Hansen: State's no-fishing rule stinks

July 14, 2011|By David Hansen

When fishing as a boy, I used to stare at my jar of salmon eggs and marvel. I wondered how they could arrive so perfectly formed and opaque and inherently controversial — stripped from their host like corn off a cob.

Years later as a reporter covering tribal fishing rights in the Pacific Northwest, I learned a lot more about salmon eggs, types of salmon, salmon hatcheries, salmon fillets, Copper River salmon (yes, they are worth the price) and how to properly paint a salmon-colored wall.

So it is with great interest I read about how the state of California basically will ban fishing off Laguna Beach starting Oct. 1 (Coastline Pilot, "State's 'no fishing' rule starts in fall," July 8).


There are some activities in life — fishing, hunting, reading a paper, purchasing certain goods and services — that are closely tied to "inalienable rights." People get emotional when you take them away.

There are also times when those activities become at risk due to overuse.

The truth is often somewhere in the middle.

Unfortunately, in our day, it takes lawsuits to figure it all out, and that's what will happen here.

Several different groups, including the Partnership for Sustainable Oceans, United Anglers of Southern California and Coastside Fishing Club, are asking the court to set aside regulations established through the state's Marine Life Protection Act (MLPA) Initiative.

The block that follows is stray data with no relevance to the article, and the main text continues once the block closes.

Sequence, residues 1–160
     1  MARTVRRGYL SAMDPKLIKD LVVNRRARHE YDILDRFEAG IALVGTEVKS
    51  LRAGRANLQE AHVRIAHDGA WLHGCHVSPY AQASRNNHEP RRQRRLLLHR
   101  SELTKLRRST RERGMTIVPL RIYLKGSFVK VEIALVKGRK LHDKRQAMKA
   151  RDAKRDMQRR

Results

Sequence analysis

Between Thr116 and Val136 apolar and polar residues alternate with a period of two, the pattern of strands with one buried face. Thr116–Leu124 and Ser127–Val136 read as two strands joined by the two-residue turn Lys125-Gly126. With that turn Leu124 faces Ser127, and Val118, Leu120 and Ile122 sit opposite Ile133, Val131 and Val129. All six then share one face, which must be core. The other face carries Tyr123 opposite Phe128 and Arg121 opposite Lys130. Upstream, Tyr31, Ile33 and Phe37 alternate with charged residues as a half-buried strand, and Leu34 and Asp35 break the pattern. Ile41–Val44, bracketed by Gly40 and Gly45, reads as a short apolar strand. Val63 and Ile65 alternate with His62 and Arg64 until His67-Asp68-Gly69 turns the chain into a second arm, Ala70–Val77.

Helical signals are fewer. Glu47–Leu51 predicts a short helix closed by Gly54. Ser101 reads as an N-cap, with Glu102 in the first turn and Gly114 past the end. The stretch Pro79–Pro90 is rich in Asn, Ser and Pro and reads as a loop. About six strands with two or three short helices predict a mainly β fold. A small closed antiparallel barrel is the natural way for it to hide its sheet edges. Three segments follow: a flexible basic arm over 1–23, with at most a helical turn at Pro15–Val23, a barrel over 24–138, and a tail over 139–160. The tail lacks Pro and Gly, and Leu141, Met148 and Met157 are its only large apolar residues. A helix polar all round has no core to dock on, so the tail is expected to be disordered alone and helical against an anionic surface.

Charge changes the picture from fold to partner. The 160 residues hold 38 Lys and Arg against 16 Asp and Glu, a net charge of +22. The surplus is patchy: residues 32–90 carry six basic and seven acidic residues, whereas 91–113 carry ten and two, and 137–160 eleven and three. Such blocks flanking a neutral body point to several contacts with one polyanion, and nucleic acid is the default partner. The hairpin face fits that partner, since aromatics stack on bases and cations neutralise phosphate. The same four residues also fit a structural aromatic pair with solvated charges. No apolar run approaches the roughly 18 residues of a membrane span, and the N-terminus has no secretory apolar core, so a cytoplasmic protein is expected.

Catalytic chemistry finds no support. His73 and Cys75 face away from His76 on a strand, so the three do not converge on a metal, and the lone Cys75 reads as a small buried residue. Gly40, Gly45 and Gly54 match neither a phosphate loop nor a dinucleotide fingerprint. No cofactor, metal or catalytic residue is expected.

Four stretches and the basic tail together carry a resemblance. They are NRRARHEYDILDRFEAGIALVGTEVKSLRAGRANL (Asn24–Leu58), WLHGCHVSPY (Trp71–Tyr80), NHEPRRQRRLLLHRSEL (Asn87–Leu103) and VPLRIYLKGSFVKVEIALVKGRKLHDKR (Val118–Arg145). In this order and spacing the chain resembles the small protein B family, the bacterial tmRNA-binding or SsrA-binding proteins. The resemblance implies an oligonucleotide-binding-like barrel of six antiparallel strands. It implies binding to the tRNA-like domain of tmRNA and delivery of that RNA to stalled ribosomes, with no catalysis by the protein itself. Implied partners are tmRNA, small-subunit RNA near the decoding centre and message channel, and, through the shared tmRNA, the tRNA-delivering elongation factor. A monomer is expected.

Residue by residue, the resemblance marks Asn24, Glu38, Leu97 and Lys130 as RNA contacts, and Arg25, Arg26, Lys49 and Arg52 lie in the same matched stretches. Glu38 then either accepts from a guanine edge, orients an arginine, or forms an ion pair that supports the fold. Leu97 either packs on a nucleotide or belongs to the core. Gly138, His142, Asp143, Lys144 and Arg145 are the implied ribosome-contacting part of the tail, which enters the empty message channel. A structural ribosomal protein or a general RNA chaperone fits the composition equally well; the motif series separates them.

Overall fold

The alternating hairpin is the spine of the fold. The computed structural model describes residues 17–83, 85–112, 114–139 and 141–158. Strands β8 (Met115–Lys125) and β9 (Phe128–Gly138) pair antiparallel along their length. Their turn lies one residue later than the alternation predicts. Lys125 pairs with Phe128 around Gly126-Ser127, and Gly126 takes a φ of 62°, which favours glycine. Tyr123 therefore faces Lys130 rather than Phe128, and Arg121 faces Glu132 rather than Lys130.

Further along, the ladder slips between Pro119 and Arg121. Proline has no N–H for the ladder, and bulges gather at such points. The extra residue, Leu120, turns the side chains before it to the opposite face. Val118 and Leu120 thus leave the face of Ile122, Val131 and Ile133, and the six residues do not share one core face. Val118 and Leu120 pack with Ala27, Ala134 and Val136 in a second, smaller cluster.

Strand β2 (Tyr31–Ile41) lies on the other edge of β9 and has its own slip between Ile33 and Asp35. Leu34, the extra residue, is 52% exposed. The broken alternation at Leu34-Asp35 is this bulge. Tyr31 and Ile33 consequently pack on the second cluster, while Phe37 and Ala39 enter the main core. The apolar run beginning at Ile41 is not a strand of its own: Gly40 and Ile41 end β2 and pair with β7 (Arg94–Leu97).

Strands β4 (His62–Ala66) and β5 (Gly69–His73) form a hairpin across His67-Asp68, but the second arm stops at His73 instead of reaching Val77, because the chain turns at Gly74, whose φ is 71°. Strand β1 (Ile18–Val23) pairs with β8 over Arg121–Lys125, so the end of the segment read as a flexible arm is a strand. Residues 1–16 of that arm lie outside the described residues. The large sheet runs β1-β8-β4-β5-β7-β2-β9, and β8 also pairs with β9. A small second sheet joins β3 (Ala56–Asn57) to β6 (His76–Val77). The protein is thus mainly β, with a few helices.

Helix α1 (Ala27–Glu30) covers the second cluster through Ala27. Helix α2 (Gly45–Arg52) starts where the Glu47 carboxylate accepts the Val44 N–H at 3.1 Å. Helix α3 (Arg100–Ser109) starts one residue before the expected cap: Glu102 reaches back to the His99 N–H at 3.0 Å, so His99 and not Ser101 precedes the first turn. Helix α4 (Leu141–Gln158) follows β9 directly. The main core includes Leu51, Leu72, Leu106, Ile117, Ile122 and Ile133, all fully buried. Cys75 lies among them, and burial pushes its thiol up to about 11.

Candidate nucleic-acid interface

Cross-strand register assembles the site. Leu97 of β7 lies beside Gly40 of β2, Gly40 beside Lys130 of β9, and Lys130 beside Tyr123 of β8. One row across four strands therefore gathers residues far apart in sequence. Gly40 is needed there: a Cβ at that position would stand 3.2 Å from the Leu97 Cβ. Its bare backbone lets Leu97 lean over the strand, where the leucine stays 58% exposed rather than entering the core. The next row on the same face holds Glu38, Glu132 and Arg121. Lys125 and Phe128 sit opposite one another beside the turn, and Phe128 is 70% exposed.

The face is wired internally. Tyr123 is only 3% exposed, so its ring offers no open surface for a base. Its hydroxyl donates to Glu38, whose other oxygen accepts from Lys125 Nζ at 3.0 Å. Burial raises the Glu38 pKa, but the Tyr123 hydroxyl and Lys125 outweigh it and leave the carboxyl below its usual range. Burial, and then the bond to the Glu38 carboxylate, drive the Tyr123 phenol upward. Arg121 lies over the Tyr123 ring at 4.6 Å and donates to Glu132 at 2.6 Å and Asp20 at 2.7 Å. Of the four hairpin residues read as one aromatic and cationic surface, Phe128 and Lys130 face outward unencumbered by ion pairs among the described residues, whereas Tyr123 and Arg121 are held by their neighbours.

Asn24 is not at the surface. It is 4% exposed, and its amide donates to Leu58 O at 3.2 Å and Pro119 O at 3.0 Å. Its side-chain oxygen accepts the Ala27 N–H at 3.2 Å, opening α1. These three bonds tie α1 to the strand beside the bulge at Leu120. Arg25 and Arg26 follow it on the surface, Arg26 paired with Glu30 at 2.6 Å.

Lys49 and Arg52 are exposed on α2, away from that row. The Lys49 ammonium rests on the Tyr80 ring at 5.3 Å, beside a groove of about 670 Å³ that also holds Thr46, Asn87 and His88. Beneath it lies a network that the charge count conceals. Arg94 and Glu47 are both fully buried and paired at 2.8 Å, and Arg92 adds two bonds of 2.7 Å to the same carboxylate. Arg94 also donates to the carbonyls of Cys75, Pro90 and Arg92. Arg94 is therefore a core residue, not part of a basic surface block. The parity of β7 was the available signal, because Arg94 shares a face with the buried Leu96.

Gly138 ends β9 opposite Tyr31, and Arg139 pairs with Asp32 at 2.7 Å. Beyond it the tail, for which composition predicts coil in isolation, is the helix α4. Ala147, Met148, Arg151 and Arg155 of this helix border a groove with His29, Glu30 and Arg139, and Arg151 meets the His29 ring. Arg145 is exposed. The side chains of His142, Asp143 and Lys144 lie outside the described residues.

"The validity of these regulations is being challenged in court," said Mike Leonard, ocean resource policy director for the American Sportfishing Assn. "That battle is far from over. Much can happen between now and Oct. 1."

The groups' arguments are largely over procedure; they cite the alleged influence of environmental groups in the formation of the new law, along with accusations of violating the California Environmental Quality Act.

But they also said in a prepared statement that they are fighting for "everybody who enjoys fishing in our state's ocean waters, whether from surf, pier, powerboat or kayak."

"We are also protecting the interests of all those who treasure open access to our ocean and the coast, from sport divers and surfers to swimmers and beachcombers," the statement said. "We also represent the interests of businesses tied to recreational fishing and boating, such as tackle shops, fuel docks, hotels, marinas and boat dealerships."

On the other side are environmentalists and government agencies, trying to keep healthy stocks of marine life.

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